At the same time, advisors can't only focus on the short term. You need to build a clientele that can sustain your firm over the long term. If you can acquire a 30-year-old person as a client now, that person can stay with you for decades, and continually make use of your services. So it makes sense to organize your business so you can cost-effectively cater to younger people with simpler needs and less money to spend.
For me, a big factor is belief in the product. I think everybody deserves a decent burial, and every family and business deserves financial sustenance. Life insurance does this. And I understand that a family can tragically lose a loved one at any time, and at any stage of life; and that a business can lose an owner or key person at any time as well. This is why I will sell a policy to anyone, regardless of age or station in life. The product just does so much good.
Primarily because of how financial advisors are compensated. It has nothing to do with age, but how much money you've accumulated. The majority of those who have accumulated a lot of money are just older. Advisors are primarily compensated in one of two ways:
1) Commissions- they sell you a financial product and earn an up front fee, it could be anywhere from 3% - 10% or higher. This commission is shaved off your initial investment.
2) Assets Under Management (AUM) Fees- this is where you pay a financial advisor to manage your investments and he takes an annual percentage based on the value of your investments. So if the advisor charges 1% and you have $1,000,000, he will make $10,000 per year.
If you're younger and looking to work with a financial advisor, do a search on xyplanningnetwork.com. These advisors focus on generation x and y and usually charge a flat monthly fee for their services regardless of the assets you have accumulated.
Financial Planners and other advisors are captured by their business model. In order to be paid well for their services, they seek out complex planning situations or engage with high net worth clients. Investors with complex financial situations generally find themselves in need of help because of conflicts among various sources of income or wealth acquired through a windfall or inheritance. Multiple streams of income take time to build. Wealth accumulation generally occurs over a lifetime. High net worth clients are more likely to have become wealthy gradually by working and saving than they are to have gotten wealthy in their youth or suddenly.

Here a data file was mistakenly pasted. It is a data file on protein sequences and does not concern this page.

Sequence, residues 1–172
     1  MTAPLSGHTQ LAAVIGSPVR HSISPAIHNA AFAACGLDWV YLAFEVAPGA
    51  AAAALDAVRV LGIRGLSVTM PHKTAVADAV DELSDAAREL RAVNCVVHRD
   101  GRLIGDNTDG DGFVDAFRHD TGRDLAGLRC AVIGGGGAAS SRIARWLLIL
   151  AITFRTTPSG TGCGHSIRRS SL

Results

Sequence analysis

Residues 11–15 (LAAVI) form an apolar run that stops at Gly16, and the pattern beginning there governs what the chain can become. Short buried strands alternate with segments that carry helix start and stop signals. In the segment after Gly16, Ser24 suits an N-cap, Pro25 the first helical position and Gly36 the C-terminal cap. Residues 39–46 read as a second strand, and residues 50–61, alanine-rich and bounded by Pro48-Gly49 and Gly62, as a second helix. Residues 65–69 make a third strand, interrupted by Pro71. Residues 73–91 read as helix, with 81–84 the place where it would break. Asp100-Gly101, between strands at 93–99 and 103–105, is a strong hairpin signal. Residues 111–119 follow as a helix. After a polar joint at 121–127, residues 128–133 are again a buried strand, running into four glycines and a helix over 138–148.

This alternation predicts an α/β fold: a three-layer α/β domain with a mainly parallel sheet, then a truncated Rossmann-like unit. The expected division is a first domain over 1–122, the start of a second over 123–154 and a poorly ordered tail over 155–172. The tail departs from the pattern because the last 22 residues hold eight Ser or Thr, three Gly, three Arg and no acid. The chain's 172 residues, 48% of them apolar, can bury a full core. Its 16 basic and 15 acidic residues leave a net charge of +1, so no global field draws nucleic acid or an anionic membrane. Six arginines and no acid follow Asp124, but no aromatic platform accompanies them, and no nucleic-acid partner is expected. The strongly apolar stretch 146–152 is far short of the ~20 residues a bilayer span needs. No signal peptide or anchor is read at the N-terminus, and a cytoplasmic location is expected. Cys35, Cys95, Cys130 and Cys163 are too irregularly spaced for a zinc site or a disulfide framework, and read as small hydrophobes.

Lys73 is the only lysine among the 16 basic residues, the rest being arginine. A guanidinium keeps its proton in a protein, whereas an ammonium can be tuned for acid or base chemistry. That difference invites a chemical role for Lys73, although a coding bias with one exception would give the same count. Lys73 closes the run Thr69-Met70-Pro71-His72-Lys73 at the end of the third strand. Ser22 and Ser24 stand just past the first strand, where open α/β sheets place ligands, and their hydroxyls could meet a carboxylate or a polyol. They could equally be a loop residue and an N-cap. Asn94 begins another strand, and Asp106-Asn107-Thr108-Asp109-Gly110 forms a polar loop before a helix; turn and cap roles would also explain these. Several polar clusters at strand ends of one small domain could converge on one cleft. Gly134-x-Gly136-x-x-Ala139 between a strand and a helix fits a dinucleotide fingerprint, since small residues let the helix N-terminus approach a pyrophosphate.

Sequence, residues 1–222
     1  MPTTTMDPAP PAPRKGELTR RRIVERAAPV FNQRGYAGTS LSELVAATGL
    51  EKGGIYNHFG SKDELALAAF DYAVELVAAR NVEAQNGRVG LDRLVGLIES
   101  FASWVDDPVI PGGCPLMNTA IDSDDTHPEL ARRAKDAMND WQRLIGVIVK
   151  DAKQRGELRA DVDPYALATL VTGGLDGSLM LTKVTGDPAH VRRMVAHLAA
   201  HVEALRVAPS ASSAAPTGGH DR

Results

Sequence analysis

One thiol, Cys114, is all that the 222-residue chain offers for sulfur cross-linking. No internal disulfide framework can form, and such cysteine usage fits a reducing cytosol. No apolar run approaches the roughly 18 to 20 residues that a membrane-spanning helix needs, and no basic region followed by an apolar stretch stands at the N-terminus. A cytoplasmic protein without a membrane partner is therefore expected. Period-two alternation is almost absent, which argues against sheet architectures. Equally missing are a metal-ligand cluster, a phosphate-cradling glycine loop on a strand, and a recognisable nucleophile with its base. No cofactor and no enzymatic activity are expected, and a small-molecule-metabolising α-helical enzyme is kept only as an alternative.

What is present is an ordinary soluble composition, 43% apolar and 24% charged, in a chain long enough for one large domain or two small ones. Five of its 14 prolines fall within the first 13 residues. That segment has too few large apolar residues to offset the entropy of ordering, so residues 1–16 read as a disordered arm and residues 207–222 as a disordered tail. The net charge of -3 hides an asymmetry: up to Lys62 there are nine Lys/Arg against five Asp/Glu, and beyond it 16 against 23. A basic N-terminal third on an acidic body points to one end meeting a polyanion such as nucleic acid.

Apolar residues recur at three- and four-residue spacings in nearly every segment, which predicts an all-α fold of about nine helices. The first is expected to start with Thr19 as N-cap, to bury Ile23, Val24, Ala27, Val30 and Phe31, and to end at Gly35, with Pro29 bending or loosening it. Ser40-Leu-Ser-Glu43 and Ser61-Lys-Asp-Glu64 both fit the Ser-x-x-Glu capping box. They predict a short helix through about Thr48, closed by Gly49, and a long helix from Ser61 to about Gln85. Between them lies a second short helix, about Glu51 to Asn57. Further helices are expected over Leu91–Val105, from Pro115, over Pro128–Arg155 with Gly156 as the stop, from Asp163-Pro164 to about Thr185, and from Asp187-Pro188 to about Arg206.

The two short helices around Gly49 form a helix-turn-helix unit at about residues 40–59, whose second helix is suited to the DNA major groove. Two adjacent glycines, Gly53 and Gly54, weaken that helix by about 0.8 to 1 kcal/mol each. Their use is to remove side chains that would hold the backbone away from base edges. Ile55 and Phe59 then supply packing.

Statistically, the average American will experience their peak earnings in the year they turn 49. The correlation between age and wealth steers most advisors to an older client simply because the rule of large numbers means that there are more potential clients among the senior population than there are among those under 50.
Two reasons. One is that clients don't make hiring a financial advisor a priority when they are in their 20s, or saving on their own for that matter, when this would be the ideal time to start saving and take advantage of the long time horizon they have for the returns in their portfolios to compound.
The other reason is from the advisor perspective. If charging 1% of the AUM, the more money the clients have, the higher the advisor's fee.
But advisors don't focus on certain age necessarily, some young clients inheriting large sums of money could be ideal candidates for most advisors. What most advisors have though is a minimum amount a client can invest with them, which would keep the majority of young crowd away from them.
But there are advisors who have no minimum, typically young ones at the beginning of their career, who can be a better match for you.
Check the CFP website below for a planner in your area and narrow it down for the ones with Minimum Investable Assets, $0.
Best of luck!
Alina Parizianu, MBA, CFP®